Tagging Marine Predators

Acoustic transmitter

The acoustic transmitter is the easiest to explain. These ‘pingers’ (made by Vemco/Innovasea) periodically emit coded ultrasonic ‘chirps’ or ‘pings’. The chirps travel through the water which is a fairly good conductor of sound (much better than air) until they may be picked up by a nearby receiving system. In some regions, large arrays of receiving stations are deployed and periodically serviced by research organizations, such as the Prince William Sound Science Center. When a coded ping is ‘heard’ by such a receiver, the code is stored in memory with a time and date stamp. When the memory is downloaded during an annual service visit, this will tell researchers that a specific pinger was within approximately a 1km radius of the receiver at a specific date and time. These pingers may last for many years, and some of the sharks we tagged in Resurrection Bay in previous years have been ‘heard’ in Prince William Sound. One nice aspect of these pingers is that we do not have to recover the tag to obtain these occasional, opportunistic location data on specific sharks.


The larger mini-PATs on the other hand initially only record data from built-in sensors such as pressure (depth) and temperature to their own memory. Then, at a pre-programmed time, they detach from the host, float to the surface of the ocean and uplink a summary of previously recorded data. However, the amount of data they can transmit is limited. If we are lucky and actually find and recover the tag, we can download a much more detailed and comprehensive data set than we receive via satellite transmissions. That is why we offer a reward for the return of these tags. If you find such a tag (or other types of tags we use, such as Life History Transmitters or LHX tags) – call in your find, and you may be eligible for a reward! 

Mini-PATs (made by Wildlife Computers) transmit data through the Argos system, using receivers aboard polar-orbiting satellites. We will provide some additional details on how this system works in future blog entries. In addition to allowing for data uplinks, the Argos system can provide information on the location of a transmitter, while it is transmitting. This will give us a single location for a shark at the time the mini-PAT detached itself from the shark and floated to the surface to transmit. Of course, we also know where we caught, tagged, and released the shark – so we know the start and end-points of a shark’s movement over the course of one year – if that’s when we program the mini-PAT to detach. We don’t necessarily know however where the shark may have been in the meantime.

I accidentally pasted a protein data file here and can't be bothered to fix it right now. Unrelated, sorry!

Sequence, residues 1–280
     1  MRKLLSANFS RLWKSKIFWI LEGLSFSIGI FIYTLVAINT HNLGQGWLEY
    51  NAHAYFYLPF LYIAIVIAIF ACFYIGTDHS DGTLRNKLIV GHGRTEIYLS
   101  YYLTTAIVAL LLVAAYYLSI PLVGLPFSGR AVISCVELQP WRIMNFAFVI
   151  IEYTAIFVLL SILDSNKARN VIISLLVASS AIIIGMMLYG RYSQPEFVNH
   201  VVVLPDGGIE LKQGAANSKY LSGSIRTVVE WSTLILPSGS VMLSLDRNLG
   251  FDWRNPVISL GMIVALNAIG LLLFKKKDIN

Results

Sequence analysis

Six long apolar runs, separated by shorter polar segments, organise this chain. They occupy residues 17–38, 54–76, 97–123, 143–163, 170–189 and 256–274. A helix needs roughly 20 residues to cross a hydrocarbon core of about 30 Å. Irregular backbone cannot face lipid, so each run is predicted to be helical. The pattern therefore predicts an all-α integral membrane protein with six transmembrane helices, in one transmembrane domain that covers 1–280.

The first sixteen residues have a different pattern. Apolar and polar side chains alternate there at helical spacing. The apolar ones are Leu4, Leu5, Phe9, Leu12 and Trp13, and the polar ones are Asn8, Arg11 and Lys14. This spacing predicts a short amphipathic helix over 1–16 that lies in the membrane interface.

Mini-PATs also incorporates a light sensor, and under certain conditions, the tag can actually very coarsely estimate its location by measuring day-length – which varies with latitude, and the time offset of local noon (when it is brightest) to UTC – which varies with longitude. However, on sleeper sharks that tend to stay in colder, deeper waters often well below the photic zone, this approach, also called geolocation-by-light, rarely yields good location estimates. How we deal with these tracking challenges will become a bit clearer in the next section – Spatial Analysis.

Mark-Report PATs

And finally, we also use much simpler, smaller, and cheaper versions of the mini-PAT called Mark-Report PATs or simply mrPATs. Mark-Report PATs (made by Wildlife Computers) are also programmed to detach at a specific time, float to the surface and report via the Argos system, but they don’t transmit hardly any data. Instead, they just give us a single location for the shark at the time of detachment. The two mr-PATs we plan on deploying will be programmed to detach after 4 and 8 months, respectively, and the mini-PAT will detach and report at 12 months.

Concluding Section

We are using up to four tags on each shark, as long as the shark is big enough, like the one shown in this picture.  


If the sharks are too small to carry four tags, we may drop the mrPATs, the pinger, or even the mini-PAT. In this case, we would still use one of the spaghetti tags to positively identify the animal as having been caught and sampled. In the next section on Spatial Analysis, you can read about what we want to do with all this tag data.


We are using up to four tags on each shark, as long as the shark is big enough, like the one shown in this picture.  

It carries one acoustic tag (upper right), one mini-PAT (lower left) and two mr-PATs.